If the applicant is renting, they can prove they have a good rental history and use that to boost their application in place of genuine savings. Now, that really only works for applicants renting through a property manager. Sometimes applicants renting from a private landlord find that the bank is reluctant to accept the landlord’s word. The banks trust the feedback from a property manager more than they would from a private landlord.
3. Don’t make big changes between pre-approval and settlement
Make sure your financial circumstances don’t change from the time you apply for finance to at least settlement. A fundamental mistake is that buyers receive pre-approval and then quit their job, apply for a car loan or increase their credit card limit. People don’t realise how this impacts their application. You need to keep your financial and employment situation stable from the time you apply until you settle and move in. Then you can do what you like.
No deposit loans, guarantors and other options
You can’t borrow 100% any more, as lenders consider it too risky (a lesson they learned from watching the GFC unfold in other countries). The exception to this is a parental guarantee. If your parents own a property they could theoretically guarantee a portion of your deposit for you. It’s a little complicated and unfortunately, it’s not an option for everyone. Read our guide to learn more about guarantor home loans. If your parents are even more generous and financially comfortable they could gift you the deposit.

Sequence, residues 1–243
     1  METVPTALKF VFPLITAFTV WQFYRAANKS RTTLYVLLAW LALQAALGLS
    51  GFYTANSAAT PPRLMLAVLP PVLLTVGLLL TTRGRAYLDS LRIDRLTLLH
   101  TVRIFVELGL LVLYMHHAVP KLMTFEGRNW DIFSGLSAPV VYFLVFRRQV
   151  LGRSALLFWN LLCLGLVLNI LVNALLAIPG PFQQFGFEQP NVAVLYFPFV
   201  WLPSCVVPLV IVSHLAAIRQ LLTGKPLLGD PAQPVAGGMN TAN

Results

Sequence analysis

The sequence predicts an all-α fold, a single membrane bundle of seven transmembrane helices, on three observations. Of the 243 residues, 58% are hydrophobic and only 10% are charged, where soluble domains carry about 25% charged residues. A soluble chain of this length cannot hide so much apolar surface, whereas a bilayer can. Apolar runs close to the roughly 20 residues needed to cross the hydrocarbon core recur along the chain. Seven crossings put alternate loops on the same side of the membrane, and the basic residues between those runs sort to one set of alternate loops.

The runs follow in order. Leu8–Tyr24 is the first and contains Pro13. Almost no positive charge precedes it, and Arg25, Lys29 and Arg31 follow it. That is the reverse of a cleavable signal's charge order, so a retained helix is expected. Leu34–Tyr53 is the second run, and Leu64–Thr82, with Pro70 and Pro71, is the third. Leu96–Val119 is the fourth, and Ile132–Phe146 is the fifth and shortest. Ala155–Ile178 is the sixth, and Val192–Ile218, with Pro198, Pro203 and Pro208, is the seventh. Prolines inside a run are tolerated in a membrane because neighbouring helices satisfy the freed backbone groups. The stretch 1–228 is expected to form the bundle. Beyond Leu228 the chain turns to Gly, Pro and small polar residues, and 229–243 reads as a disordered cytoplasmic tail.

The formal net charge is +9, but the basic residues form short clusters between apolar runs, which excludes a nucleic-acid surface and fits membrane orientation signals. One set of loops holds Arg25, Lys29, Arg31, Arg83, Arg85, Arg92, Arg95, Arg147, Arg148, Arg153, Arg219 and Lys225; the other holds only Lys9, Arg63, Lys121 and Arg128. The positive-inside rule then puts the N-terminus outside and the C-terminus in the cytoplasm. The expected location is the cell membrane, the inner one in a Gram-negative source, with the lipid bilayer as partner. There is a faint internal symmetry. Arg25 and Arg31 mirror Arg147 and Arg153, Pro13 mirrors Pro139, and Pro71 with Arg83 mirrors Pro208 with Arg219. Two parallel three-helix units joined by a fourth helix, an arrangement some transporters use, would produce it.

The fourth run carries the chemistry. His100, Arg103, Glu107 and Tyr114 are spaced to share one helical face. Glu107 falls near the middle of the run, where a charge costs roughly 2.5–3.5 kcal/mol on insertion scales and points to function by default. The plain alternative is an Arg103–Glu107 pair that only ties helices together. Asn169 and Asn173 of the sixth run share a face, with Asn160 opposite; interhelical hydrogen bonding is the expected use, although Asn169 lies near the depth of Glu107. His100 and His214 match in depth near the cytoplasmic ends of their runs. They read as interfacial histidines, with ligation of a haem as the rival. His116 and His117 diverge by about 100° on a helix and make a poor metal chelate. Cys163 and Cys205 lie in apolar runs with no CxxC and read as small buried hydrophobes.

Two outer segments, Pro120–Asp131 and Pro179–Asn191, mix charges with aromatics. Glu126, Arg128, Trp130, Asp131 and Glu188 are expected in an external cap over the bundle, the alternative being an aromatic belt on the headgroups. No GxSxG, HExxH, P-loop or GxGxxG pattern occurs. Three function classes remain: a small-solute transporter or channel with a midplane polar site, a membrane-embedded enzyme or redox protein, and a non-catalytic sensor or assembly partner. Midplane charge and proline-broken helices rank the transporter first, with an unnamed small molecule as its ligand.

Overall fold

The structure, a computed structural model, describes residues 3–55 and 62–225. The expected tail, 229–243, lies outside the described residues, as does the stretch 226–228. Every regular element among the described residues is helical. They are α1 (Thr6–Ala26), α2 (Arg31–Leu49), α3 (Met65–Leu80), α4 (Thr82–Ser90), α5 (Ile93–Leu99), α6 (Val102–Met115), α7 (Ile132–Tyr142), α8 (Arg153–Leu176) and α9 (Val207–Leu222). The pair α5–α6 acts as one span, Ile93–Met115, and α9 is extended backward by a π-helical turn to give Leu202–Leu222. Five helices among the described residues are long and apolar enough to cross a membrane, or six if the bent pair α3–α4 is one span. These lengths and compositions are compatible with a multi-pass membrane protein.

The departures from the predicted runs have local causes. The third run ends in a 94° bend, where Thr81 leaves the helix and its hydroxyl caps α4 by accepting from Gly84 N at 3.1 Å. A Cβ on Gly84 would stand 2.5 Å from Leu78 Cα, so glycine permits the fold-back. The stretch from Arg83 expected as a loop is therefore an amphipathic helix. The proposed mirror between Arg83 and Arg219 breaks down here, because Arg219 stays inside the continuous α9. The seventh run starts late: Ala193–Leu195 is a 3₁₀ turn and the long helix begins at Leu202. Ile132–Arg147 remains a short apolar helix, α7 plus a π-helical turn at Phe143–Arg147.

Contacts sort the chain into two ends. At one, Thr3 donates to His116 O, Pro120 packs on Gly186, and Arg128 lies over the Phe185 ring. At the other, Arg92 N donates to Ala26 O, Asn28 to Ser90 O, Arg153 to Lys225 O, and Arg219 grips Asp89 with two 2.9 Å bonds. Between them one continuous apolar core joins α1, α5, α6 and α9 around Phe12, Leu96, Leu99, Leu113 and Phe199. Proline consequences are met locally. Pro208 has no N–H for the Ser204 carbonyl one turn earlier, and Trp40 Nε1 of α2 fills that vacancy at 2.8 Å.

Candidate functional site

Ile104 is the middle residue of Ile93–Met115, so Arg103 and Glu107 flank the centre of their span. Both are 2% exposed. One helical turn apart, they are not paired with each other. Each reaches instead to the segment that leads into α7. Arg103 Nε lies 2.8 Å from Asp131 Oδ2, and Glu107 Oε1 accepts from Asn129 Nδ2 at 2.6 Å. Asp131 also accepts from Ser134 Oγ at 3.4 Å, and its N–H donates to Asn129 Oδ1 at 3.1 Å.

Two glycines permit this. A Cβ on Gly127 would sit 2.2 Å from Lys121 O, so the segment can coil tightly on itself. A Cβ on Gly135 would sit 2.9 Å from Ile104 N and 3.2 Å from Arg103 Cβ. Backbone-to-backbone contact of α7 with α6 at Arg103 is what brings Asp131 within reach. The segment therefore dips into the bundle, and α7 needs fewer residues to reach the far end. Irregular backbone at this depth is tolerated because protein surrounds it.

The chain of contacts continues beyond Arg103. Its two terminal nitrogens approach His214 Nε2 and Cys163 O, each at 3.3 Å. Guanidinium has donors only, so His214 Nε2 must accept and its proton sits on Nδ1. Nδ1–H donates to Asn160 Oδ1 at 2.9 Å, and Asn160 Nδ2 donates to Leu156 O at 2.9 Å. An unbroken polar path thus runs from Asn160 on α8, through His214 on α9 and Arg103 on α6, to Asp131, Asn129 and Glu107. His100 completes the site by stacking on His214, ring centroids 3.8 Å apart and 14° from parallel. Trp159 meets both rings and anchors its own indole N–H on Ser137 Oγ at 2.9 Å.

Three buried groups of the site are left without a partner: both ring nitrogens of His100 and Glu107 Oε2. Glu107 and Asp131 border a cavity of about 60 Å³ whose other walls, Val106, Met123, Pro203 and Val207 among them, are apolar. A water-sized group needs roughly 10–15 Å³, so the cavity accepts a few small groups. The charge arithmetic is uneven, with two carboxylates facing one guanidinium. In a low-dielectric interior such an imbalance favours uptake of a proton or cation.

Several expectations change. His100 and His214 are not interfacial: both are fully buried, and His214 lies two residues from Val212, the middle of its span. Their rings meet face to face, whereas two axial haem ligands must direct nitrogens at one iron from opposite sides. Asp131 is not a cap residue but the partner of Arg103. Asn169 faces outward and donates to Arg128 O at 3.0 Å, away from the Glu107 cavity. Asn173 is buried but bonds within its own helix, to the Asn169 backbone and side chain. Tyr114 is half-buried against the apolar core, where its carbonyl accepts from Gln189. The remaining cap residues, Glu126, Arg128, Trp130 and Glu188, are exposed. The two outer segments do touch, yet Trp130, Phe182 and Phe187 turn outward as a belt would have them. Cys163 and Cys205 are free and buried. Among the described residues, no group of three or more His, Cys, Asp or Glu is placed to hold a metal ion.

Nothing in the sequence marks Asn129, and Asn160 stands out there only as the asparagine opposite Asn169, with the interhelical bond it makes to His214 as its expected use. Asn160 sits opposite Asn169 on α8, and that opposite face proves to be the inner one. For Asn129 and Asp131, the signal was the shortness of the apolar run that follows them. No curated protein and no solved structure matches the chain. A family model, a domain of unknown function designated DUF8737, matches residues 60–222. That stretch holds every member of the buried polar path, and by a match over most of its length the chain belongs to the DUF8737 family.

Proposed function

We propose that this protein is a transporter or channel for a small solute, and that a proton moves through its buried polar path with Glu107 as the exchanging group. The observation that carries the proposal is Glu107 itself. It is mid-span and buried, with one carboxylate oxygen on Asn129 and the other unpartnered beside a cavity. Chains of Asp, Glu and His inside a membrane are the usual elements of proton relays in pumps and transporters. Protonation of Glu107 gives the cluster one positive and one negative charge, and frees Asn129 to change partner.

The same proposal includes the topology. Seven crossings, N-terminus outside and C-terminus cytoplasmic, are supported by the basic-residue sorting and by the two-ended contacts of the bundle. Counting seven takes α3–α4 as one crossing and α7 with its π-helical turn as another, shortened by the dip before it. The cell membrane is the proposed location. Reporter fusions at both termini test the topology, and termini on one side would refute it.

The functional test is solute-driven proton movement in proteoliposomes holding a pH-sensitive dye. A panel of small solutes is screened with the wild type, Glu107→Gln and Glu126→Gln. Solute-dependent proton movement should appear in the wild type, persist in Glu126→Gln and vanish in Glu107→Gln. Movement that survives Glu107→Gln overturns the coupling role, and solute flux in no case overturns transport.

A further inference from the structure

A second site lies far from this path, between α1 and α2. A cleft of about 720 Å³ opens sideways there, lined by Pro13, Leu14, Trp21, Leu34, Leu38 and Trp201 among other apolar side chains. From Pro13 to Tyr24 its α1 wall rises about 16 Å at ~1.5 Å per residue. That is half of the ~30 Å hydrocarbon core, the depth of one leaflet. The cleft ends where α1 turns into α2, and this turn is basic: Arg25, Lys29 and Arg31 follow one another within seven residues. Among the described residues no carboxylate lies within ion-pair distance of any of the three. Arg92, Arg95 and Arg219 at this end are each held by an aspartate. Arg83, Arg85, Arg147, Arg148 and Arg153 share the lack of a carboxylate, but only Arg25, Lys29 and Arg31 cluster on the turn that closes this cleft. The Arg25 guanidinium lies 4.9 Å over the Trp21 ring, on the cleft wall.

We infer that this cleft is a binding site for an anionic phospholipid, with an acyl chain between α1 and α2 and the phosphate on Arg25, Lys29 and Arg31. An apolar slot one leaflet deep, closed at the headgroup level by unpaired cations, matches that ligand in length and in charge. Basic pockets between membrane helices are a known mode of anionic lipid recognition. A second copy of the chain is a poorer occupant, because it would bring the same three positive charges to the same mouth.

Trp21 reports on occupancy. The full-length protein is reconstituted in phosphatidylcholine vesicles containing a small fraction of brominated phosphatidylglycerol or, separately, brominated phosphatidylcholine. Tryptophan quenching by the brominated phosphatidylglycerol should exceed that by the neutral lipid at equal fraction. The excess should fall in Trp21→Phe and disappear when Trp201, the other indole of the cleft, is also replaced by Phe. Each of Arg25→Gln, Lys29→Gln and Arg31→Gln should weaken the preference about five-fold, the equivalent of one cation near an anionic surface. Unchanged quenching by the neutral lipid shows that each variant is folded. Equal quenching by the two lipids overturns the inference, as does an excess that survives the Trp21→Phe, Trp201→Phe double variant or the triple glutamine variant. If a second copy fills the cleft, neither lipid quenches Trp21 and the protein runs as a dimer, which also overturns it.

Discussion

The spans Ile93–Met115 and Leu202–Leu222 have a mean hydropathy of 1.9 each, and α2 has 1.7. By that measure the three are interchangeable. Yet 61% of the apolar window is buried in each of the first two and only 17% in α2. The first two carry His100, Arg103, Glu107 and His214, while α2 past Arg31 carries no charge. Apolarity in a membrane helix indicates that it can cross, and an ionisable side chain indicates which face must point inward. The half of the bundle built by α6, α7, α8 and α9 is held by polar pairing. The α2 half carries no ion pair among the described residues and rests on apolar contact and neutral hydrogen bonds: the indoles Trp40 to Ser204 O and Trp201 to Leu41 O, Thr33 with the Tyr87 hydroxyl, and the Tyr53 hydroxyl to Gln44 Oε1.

Another option is to sell shares or other assets. You can sell off an investment and use the cash as a deposit but you still may need to satisfy the genuine savings rule.
Richard Whitten is a senior writer at Finder covering home loans and property. He helps everyone understand the ins and outs of mortgages so they can make smarter property decisions. He has written for Money Magazine, Homely, and for multiple banks and lenders. Richard trained as a high school teacher but found it easier to manage personal finances than a classroom full of kids. Before joining Finder, he edited textbooks and taught English in South Korea. Richard has a Bachelor of Education, a Graduate Certificate in Communication and is currently studying a Certificate IV in Finance and Mortgage Broking.
When you’re a temporary resident in New Zealand, you want to see everything, which can be difficult without a car. Luckily there are some lenders that consider car loans for people on a work or study visa. Find out how to apply here.